He eventually opened five vintage stores in Okinawa — the first being a half-cafe, half-home decor shop in 1984 — and married a local girl whom he converted to the “rockabilly lifestyle.”

“After some convincing, she started going with me to concerts. Dressed like — you know. Poodle skirts, bobby socks and….” Yama motions a high, flapping ponytail. “She thought it was odd at first, but we started dressing up in costume,” she Olivia Newton-John to his John Travolta a la “Grease.”

He hasn’t seen his sons, Ryuji, 26, or Tetsuro, 18, since he left Okinawa. He and his wife divorced years ago. Reluctantly, he peels back his jacket and reveals two tattoos, his way of keeping them close.

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“Ryuji” is spelled out in cursive script underneath a scrawl of dice and cards on his right bicep. The two faces of drama — one laughing and one crying — decorate his left arm underneath “Tetsuro.”

But that’s a part of his past he doesn’t much want to talk about.

Most days now, he’s inside the lovingly tended shop nestled on a stretch of Western Avenue once at the heart of a thriving Japanese American community and still crowded with noodle joints, sushi restaurants and bakeries specializing in mochi, a Japanese rice cake.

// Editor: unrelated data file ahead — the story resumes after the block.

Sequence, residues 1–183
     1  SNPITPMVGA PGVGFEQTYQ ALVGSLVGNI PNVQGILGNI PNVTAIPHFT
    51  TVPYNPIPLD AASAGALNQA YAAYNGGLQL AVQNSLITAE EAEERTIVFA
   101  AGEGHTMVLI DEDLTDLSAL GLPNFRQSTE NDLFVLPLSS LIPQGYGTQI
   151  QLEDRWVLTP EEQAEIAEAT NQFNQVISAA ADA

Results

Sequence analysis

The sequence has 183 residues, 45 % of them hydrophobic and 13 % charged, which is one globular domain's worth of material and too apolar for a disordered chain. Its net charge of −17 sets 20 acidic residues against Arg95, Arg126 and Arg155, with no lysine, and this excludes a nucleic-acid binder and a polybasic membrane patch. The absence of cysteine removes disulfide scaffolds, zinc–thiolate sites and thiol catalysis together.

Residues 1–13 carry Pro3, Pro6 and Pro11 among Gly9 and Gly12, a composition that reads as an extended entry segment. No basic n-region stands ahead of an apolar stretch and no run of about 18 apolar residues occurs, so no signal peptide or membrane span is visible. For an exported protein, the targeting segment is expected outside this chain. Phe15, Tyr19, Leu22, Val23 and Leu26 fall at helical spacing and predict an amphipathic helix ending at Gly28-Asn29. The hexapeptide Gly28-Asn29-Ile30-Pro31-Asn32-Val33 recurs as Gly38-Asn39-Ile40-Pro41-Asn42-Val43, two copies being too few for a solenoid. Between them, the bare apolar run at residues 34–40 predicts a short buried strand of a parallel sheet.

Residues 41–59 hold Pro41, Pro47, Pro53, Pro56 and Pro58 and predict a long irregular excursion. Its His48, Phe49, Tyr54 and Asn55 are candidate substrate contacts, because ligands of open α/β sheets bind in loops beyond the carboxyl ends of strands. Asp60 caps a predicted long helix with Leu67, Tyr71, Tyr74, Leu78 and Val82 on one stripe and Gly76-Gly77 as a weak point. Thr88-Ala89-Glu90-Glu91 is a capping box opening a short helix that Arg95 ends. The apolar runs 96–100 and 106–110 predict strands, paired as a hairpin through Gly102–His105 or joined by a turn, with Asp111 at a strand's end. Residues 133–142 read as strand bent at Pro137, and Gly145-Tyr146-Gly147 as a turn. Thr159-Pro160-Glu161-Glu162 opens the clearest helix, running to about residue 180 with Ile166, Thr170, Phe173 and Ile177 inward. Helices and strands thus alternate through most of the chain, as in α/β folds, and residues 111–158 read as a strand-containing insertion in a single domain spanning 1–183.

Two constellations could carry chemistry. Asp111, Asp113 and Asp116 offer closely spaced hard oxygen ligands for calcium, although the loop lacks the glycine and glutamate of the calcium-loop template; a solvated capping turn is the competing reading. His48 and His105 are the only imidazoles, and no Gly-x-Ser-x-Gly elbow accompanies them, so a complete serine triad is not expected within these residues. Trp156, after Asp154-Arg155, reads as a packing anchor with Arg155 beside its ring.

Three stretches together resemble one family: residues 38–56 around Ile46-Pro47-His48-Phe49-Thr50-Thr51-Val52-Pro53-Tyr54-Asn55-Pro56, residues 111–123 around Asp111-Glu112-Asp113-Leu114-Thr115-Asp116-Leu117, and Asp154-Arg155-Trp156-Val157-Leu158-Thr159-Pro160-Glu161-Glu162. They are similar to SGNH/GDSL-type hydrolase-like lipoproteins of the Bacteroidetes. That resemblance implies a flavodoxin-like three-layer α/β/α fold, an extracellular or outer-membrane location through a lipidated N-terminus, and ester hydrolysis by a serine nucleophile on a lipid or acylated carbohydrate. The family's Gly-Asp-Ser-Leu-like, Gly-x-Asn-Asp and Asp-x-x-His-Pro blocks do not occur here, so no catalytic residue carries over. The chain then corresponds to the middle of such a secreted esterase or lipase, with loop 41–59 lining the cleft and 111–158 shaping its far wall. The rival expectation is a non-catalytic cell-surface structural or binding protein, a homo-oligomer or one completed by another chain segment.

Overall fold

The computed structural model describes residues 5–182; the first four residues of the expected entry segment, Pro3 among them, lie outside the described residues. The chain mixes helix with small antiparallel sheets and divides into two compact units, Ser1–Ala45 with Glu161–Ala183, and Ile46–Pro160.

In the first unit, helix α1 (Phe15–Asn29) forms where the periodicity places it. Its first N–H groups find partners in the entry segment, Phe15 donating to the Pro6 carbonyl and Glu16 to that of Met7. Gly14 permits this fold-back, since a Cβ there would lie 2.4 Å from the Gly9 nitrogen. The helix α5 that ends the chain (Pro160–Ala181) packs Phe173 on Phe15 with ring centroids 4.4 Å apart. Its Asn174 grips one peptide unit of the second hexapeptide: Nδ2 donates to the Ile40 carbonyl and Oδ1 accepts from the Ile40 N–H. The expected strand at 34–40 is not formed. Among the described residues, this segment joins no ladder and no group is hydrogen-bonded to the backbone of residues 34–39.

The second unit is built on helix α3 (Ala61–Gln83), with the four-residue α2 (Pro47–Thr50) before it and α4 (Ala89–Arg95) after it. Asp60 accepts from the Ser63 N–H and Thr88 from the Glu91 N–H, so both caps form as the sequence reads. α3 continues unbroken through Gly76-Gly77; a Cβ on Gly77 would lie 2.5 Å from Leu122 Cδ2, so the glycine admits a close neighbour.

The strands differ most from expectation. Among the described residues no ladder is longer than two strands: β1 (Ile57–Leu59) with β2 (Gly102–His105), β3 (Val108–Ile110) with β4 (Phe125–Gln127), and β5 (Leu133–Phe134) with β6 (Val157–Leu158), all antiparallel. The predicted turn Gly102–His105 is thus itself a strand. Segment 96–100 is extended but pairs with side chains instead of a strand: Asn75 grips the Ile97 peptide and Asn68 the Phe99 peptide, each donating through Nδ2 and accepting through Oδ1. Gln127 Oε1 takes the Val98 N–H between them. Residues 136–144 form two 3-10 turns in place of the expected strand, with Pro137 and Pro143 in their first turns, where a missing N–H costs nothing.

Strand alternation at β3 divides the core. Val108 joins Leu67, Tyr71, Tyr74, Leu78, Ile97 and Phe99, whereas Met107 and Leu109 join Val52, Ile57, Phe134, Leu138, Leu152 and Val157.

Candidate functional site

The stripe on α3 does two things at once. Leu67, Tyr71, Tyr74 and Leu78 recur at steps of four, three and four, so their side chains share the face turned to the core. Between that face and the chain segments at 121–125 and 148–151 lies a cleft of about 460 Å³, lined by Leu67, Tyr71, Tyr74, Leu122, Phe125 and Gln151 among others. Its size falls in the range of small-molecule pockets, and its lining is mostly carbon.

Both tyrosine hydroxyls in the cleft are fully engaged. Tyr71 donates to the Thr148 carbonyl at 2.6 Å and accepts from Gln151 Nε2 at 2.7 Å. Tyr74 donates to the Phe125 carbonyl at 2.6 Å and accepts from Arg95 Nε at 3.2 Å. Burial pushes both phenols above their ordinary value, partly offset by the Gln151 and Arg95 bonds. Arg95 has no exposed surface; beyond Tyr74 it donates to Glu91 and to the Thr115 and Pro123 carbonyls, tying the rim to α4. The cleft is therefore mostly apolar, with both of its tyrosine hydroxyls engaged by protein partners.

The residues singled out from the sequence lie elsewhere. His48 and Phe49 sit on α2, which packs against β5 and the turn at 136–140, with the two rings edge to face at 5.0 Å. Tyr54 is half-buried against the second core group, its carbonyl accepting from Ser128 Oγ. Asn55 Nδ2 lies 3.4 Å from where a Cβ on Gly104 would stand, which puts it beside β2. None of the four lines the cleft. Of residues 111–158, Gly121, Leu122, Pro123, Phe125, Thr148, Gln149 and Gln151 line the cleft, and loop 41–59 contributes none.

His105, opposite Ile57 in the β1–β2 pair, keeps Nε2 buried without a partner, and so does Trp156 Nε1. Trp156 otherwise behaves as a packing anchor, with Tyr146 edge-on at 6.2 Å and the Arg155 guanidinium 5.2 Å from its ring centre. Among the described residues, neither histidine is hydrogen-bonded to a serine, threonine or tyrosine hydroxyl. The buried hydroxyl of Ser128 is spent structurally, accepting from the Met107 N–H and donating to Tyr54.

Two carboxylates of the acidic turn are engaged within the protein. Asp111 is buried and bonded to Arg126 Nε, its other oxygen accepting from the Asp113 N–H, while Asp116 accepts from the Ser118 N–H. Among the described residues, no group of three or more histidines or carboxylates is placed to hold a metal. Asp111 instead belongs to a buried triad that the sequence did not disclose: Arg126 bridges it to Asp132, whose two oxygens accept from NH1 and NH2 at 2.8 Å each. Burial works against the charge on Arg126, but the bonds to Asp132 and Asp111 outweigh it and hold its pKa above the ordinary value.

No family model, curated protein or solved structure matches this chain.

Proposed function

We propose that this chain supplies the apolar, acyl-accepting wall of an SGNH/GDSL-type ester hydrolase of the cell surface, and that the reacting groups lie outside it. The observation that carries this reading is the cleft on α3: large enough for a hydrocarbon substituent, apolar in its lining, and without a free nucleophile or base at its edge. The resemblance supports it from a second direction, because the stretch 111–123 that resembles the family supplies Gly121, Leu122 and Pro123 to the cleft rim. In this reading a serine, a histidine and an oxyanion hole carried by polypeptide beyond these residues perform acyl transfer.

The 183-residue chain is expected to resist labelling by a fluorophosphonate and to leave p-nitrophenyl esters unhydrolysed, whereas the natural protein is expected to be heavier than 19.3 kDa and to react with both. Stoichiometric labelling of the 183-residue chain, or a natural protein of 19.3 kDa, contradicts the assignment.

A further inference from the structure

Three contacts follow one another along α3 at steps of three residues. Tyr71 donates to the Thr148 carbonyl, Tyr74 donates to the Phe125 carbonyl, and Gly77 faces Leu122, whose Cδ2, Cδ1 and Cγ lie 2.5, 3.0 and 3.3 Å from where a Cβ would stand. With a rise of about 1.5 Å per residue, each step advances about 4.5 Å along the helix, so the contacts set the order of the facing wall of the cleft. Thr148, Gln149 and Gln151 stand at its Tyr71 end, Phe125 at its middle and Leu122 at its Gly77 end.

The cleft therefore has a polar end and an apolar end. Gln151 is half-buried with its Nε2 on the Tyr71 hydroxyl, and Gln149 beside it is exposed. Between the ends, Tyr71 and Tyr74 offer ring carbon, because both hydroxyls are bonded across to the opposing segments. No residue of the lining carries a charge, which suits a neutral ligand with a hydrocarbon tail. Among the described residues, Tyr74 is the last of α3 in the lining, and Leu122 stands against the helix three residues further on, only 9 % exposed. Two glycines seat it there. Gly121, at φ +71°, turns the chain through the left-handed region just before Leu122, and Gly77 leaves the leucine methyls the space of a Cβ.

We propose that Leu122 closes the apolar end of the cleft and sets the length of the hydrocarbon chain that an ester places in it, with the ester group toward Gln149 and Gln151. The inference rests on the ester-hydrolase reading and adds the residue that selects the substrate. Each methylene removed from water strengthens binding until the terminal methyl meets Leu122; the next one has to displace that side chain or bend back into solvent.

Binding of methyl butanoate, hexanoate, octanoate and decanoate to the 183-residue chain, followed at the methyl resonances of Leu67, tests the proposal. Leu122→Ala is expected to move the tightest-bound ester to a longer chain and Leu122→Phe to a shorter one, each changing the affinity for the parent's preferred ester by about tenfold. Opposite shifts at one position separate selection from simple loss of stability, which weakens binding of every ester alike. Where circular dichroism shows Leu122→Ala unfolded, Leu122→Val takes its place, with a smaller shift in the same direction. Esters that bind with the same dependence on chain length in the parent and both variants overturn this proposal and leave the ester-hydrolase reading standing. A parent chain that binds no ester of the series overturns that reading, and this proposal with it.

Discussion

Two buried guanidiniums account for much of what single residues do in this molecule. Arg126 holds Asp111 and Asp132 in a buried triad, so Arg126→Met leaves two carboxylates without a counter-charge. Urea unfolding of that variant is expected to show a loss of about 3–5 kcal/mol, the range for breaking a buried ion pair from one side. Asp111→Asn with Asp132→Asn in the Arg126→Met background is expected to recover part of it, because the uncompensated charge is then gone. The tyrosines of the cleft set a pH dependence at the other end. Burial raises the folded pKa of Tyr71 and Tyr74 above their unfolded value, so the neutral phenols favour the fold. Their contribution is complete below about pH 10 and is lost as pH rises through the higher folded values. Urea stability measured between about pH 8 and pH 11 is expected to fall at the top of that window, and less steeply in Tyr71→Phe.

Shoppers — mostly locals or Japanese on buying trips from abroad — browse the clutter for Elvis babushka dolls stacked on a shelf ($68), the porcelain poodle wall decor ($180), vinyl records of “Jailhouse Rock” and “Heartbreak Hotel” ($10) and a Pepsi vending machine that only takes nickels ($680).

“I came for America,” Yama says, gesturing around the store. “This is my dream.”

On a recent Thursday morning, Yama huddles inside his dark blue van. It’s 6 a.m. and he’s heading to the Roadium flea market in Gardena.

Eight years have passed since he immigrated to California in 2002. He worked as a chef in two Japanese restaurants in Hollywood until saving up enough money to open the store last January.

He drives slouched in a letterman jacket and explains how cheap imitations from China flooded the vintage market and killed his Japanese stores. “Kids still want gabardine shirts and bomber jackets, but they don’t care if it’s genuine or not,” he says.

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After pulling into a parking lot already crowded with vans, he unloads folding tables in the dark, carefully smoothing velvet cloth on top before stacking his wares: plaid wool blankets, tackle boxes piled in a precarious pyramid, keys rusted with age and matchboxes from all over the world.

Below the inky sky, dozens of buyers from Japan stride around, peering at jackets and fingering the stitching on well-worn boots. Like miners prospecting for gold, they have headlamps strapped to their foreheads.

Tomohiro Masumara, clad in artfully ripped jeans and a shredded white T-shirt, drifts by to say hello.